Around 6:30 p.m., Steel’s phone rang — it was Dour. He was sailing in light winds about 20 miles off Pt. Loma and all was well.
Dour’s story is fascinating. An out-of-work carpenter, he moved from Biloxi to the Bay for the sole purpose of buying a boat and teaching himself to sail. "I’d been reading the online version of Latitude for years," Dour told us this morning from the safety of the Police Dock in San Diego. "In fact, I found my boat in Latitude!" Over the next 18 months, Dour lived aboard near Benicia, worked when he could, refitted his boat, and sailed as often as possible. "My good buddy Trevor told me that if I could sail on San Pablo Bay, I could sail anywhere," Dour laughed. "Fuckin’ liar!"
When Maria sailed under the Gate last Friday, the NOAA forecast was calling for light winds until early the following week, when a storm was predicted to hit the coast no farther south than Monterey. Knowing he’d be south of Monterey by then, Dour struck out. "The wind was so light, I motored most of the way to Pt. Conception," Dour recalls. "I was about 120 miles west of San Nicholas Island at 9 a.m. Tuesday morning. That’s when the storm hit. That’s when my life began to suck!"
In the building winds and seas, Dour struck everything off the deck except his kayak, which he lashed to the windward side of the boat to protect his portlights. He then fashioned a sea anchor out of an old Danforth, some chain and rode, and a blown-out jib. "I’d just thrown it off the bow when I saw a shark’s fin," he said. "It was five feet off the bow and I thought, ‘Shit, the sharks are circling already!’ Turns out it was just a mola (sunfish)." Dour then rigged his lee cloth and settled in for a wild ride. "I was really wishing I’d brought more than a 12-pack!"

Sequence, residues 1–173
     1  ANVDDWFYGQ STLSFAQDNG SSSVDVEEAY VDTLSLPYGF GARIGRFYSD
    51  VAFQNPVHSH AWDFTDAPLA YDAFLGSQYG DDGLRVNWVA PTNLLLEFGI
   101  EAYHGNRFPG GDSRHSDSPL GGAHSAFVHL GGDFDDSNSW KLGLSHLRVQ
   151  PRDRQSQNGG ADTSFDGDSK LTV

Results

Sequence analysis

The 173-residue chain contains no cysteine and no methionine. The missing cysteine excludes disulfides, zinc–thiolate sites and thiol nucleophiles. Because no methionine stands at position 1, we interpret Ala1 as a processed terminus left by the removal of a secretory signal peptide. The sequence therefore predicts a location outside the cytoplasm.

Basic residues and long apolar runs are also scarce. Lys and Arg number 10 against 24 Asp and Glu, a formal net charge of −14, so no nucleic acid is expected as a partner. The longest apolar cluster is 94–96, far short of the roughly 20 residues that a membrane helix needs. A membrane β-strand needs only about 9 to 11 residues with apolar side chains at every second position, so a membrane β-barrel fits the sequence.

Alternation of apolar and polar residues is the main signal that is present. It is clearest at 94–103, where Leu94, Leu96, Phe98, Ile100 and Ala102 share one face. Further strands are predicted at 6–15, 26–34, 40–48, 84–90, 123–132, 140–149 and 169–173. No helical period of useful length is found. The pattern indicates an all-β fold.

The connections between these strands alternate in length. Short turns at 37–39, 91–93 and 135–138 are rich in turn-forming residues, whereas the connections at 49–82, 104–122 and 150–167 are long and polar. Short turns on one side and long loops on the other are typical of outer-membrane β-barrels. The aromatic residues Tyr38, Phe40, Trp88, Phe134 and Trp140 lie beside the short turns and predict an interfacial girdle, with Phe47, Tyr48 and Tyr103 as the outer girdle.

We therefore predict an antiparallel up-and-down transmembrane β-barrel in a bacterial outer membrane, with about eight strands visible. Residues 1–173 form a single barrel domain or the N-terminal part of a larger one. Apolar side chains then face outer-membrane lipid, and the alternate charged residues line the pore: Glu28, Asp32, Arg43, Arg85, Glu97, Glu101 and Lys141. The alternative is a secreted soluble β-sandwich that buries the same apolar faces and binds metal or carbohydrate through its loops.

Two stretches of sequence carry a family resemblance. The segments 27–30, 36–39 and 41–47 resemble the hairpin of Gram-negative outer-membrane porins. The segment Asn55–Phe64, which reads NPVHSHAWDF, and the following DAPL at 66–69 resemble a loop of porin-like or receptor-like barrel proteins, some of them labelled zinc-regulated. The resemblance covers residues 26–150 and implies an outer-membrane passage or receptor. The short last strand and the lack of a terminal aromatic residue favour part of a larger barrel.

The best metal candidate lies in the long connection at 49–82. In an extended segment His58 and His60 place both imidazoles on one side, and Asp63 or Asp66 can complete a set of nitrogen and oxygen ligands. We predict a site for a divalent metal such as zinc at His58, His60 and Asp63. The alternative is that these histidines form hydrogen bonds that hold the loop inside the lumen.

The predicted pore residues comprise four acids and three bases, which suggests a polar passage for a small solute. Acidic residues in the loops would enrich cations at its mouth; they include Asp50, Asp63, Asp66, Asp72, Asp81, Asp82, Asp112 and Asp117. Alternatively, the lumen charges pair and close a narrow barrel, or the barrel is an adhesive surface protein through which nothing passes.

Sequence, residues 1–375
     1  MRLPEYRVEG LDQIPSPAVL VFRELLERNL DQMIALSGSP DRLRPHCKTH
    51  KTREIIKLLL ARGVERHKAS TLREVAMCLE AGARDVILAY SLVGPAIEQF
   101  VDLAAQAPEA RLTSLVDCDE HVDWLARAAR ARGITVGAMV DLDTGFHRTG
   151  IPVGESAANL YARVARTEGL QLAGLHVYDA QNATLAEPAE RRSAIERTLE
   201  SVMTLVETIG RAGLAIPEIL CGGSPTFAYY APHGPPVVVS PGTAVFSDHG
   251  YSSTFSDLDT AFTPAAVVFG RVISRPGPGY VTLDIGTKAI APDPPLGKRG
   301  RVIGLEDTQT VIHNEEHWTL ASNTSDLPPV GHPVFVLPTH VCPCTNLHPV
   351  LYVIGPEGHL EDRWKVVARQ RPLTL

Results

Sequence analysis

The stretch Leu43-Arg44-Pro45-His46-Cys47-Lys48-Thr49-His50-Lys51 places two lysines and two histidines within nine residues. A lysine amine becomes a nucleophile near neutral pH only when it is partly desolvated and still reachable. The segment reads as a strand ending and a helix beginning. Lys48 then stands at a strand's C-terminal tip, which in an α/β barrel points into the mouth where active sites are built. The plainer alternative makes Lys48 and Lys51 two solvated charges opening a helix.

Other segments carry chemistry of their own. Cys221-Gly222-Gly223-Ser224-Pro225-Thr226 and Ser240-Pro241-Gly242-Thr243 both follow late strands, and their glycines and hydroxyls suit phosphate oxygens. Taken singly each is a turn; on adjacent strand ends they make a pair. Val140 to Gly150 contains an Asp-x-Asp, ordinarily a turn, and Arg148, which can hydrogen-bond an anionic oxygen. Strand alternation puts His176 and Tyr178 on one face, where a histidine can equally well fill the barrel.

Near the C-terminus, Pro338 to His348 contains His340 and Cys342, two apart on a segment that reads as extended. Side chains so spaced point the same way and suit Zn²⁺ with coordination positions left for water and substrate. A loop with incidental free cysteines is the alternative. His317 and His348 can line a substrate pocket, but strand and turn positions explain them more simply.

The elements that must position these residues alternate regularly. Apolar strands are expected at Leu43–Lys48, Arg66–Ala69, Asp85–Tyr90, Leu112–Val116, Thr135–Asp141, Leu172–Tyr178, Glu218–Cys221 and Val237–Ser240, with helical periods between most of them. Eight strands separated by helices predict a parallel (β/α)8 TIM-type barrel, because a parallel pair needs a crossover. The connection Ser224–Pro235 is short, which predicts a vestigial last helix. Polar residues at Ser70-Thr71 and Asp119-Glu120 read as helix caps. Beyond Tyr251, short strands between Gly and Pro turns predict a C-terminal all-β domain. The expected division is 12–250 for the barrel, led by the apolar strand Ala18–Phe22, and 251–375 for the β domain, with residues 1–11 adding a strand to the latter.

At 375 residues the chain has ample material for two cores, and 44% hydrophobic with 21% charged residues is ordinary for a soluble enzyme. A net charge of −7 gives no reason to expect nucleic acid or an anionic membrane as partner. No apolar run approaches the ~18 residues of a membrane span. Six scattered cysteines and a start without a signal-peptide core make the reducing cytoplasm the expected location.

About 19 hours later, the winds had eased, though the seas were still heavy and confused. Dour plotted his position and he’d drifted north at a little over a knot — not too shabby for his first time lying ahull to a sea anchor. Unable to retrieve the set-up, Dour was forced to cut it away to get back underway. It was a slow trip in, but he pulled into a slip in San Diego last night around 11 p.m., none the worse for wear. Dour says he’ll spend a few weeks enjoying wearing shorts in San Diego before heading south to Mexico.
After spending three days adrift in a dinghy, a Canadian cruiser and his dog were succesfully rescued when their EPIRB’s signal was picked up by Tahitian authorities, reports Susanne Ames of the New Zealand-based Cheshire. Forty-eight-year-old Sylvain Caron was en route to New Zealand with his fox terrier Eddie, when his 40-ft ketch foundered the night of October 3. Forced to take to the dinghy, Caron was able to grab the EPIRB and a radio. When the latter succumbed to water damage, Caron’s only hope was the EPIRB. A French Navy aircraft spotted Caron and Eddie the following day and contacted rescue services in the Cook Islands, who ultimately found the pair some 280 miles northeast of Rarotonga a day later.
Time flies when you’re getting ready to race solo to Hawaii, so don’t forget to attend Monday’s Electrical Systems seminar for the Singlehanded TransPac. KKMI’s Ron Romaine will be helping racers assess their own electrical systems and give helpful "while-you’re-out-there" troublehsooting tips. "Historically, electrical systems have been the most frequent source of problems for Singlehanded TransPac racers," noted co-chair Bob Johnston, "so this may be the most important seminar in the series."
Doors to KKMI’s Boathouse in Pt. Richmond open at 7 p.m., while the presentation starts at 7:30 p.m. Email for more info.